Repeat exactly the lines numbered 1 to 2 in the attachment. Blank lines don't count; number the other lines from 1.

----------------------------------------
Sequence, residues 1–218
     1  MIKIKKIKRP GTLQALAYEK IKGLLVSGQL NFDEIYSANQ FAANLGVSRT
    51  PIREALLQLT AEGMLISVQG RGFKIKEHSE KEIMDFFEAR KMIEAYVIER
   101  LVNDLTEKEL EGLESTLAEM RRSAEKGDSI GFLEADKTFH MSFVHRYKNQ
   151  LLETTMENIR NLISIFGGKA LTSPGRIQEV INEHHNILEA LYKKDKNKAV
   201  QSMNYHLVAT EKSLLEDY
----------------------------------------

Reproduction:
Sequence, residues 1–218
     1  MIKIKKIKRP GTLQALAYEK IKGLLVSGQL NFDEIYSANQ FAANLGVSRT